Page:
2013/3 Volumes/5,600 pp. Hardcover with Case Digest on CD-ROM with 2014 Supplement/Order #9499
Effectively prepare and process a patent application, protect a client’s patent, or invalidate an infringing one
Patent Prosecution: Law, Practice, and Procedure, Eighth Edition addresses the wealth of changes in patent law wrought by the passage of the Leahy-Smith America Invents Act (AIA), recent court decisions, and statutory amendments. This treatise provides essential analysis of over 45 decisions of the Supreme Court, the Federal Circuit, and the Board of Patent Appeals and Interferences. It also explains prosecution rules from the U.S. Patent and Trademark Office and offers an element-by-element analysis of areas of law that form the basis of common PTO rejections and objections. The Eighth Edition covers many important cases, including the Supreme Court’s ruling in Mayo Collaborative Services v. Prometheus Laboratories, Inc., and discusses PTO guidelines that set forth a new procedure for examining subject matter eligibility in view of this decision. It also analyzes the second, 9-0, Supreme Court decision in Hyatt v. Kappos, allowing a patent applicant greater freedom to introduce new evidence to a district court. Additional highlights include these recent Federal Circuit decisions:
The Eighth Edition explores the AIA in detail, by explaining Patent Office final rules for the preissuance submission by third parties of prior art in pending applications. An accompanying searchable CD-ROM offers a comprehensive Cumulative Case Digest in HTML format, providing access to an extensive compilation of precedential language. Organized by specific issue, in favor of patentability, it contains excerpts from leading cases through December 31, 2013, and updated forms to reflect changes, with instructions, introduced by the AIA.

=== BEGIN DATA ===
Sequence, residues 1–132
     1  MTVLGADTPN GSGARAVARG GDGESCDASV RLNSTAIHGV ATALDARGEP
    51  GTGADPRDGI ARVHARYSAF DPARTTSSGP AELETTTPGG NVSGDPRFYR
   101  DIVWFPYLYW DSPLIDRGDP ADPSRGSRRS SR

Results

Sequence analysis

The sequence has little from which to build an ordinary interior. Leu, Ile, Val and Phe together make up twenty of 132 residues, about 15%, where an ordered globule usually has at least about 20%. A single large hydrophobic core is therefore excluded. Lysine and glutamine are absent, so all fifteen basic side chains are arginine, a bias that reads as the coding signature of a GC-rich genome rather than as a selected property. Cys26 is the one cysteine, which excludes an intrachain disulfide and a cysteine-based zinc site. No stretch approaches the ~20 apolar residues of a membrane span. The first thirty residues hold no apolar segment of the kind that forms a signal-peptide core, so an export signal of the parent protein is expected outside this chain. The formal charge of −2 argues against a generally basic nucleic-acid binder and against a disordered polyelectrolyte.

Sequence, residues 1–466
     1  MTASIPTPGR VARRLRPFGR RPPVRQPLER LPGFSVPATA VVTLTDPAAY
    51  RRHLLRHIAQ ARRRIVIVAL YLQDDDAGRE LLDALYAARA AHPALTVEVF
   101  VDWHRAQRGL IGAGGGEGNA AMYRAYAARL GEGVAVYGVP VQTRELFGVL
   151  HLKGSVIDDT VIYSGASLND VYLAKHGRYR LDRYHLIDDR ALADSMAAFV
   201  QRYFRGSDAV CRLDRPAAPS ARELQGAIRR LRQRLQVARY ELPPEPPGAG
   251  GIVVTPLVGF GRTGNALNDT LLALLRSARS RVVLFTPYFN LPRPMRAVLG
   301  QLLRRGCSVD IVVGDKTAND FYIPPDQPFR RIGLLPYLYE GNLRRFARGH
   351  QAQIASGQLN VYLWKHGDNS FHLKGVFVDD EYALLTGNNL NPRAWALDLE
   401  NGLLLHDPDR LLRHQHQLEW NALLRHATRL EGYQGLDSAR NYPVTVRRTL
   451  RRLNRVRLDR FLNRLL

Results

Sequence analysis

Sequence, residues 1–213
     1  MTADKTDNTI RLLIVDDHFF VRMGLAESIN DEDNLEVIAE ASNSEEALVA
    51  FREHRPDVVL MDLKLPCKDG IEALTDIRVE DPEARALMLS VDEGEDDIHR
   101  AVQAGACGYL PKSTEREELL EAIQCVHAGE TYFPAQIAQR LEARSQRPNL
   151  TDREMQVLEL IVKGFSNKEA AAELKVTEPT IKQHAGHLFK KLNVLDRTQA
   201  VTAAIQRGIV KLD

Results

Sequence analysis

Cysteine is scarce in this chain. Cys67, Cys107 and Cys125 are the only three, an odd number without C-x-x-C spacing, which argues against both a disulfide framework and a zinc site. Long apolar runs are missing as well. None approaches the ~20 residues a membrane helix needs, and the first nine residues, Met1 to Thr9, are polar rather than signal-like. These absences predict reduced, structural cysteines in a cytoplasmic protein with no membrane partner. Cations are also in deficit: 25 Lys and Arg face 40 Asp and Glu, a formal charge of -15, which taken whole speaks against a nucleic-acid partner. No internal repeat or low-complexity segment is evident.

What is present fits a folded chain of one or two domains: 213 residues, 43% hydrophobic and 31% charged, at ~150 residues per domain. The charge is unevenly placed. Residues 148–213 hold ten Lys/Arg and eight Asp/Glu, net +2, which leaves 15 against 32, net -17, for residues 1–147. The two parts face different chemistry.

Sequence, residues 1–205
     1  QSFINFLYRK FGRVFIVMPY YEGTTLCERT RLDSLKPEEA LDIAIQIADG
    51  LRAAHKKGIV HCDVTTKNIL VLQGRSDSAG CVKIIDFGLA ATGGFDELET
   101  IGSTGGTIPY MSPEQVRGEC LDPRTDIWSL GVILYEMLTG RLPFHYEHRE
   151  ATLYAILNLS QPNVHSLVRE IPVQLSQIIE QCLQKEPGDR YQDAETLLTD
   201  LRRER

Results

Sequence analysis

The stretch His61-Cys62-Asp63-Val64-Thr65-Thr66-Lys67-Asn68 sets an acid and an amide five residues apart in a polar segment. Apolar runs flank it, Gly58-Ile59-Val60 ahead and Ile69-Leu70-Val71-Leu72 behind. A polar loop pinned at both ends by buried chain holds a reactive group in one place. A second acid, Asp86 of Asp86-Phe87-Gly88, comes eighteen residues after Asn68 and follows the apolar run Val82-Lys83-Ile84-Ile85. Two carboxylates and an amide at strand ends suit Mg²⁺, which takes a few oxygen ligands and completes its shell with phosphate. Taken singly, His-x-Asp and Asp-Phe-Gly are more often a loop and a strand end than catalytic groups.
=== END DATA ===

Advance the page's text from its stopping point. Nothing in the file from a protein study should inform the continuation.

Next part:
2014 Supplement alone/ISBN 978-61746-499-7/Order #2499
The 2014 Supplement covers recent important decisions including the Supreme Court’s decision in Association for Molecular Pathology v. Myriad Genetics Inc., which held that isolated deoxyribonucleic acid (DNA) is an unpatentable product of nature, while cDNA is a non-naturally occurring genetic sequence and is patent eligible. The Supplement covers Federal Circuit decisions in:
It also discusses the Patent Trial and Appeal Board’s holding In re Erol; the Act to Correct and Improve Certain Provisions of the Leahy-Smith America Invents Act; the Patent Law Treaties Implementation Act of 2012; and Patent Office Examination Guidelines for Implementing the First Inventor to File Provisions of the Leahy-Smith America Invents Act.
About the Author
Irah H. Donner is a partner in the Intellectual Property department of Stroock & Stroock & Lavan LLP, New York, NY. He concentrates in the counseling, due diligence, claim analysis, and preparation/prosecution of patents, as well as enforcement of intellectual property, with particular emphasis on financial, business method, internet, and computer software/hardware applications.
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“To say that Patent Prosecution is a comprehensive resource both for experienced patent practitioners, as well as new aspirants, is an understatement.” —David J. Kappos, from the Foreword
Partner, Cravath, Swaine & Moore LLPFormer Under Secretary of Commerce and Director of the U.S. Patent and Trademark Office
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